WHY ARE SO MANY METEORS GREEN? The Moon is not made of green cheese. Neither are meteors. But if that’s true, why are so many meteors green? During the recent Perseid meteor shower, sky watchers witnessed hundreds of green meteors. Take a look at this fireball. And this one. And this one. And, last but not least, this one:
“This green Perseid cut right through the Double Cluster (h Persei and χ Persei) in Perseus,” says photographer David Blanchard of Flagstaff, Arizona, who caught the verdant streak during a 30 second exposure with his Nikon digital camera.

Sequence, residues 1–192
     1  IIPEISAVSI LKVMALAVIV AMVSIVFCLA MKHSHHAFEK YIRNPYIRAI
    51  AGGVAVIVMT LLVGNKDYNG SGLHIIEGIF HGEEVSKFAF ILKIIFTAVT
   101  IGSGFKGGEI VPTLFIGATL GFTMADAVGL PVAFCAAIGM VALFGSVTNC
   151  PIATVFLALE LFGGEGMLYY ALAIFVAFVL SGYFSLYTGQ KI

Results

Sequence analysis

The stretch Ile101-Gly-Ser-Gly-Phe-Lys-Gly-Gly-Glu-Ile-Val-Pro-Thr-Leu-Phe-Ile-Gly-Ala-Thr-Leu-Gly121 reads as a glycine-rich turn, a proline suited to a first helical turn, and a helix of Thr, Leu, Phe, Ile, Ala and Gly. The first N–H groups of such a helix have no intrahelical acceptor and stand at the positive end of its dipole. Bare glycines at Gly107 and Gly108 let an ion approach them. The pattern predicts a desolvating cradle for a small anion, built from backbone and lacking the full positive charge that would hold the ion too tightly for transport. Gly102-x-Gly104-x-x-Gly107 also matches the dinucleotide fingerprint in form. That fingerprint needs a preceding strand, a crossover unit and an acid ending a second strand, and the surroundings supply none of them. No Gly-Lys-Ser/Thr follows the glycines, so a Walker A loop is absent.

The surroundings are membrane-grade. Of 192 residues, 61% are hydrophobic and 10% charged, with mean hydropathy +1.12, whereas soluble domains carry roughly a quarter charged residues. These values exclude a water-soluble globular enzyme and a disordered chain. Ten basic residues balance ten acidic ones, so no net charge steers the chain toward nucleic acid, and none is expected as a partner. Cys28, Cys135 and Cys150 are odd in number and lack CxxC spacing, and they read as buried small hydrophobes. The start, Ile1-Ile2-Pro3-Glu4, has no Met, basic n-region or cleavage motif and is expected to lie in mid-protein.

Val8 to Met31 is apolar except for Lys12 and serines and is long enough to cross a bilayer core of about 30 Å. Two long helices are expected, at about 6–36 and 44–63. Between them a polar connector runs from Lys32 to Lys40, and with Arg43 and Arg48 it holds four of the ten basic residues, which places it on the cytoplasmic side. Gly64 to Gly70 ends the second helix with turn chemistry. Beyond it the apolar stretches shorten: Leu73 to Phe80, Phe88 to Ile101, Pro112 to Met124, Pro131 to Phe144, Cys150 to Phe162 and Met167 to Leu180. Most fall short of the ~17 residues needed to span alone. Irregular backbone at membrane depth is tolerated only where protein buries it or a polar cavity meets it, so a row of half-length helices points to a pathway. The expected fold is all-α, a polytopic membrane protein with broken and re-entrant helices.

The source of the green is not cheese, it’s air. Green is caused by oxygen in Earth’s atmosphere. When a meteoroid rips through the atmosphere, air in its path becomes so hot that oxygen molecules briefly lose one of their electrons. They recombine (e– + O2+) very rapidly, emitting green photons as a side-effect. A similar process is responsible for the green colors of many auroras.
Blanchard’s meteor has a fringe of yellow alongside the green. Yellow, it turns out, is due to the meteor. When a sodium-rich meteoroid cuts through the atmosphere, hot sodium vapors glow yellow like a sodium discharge lamp.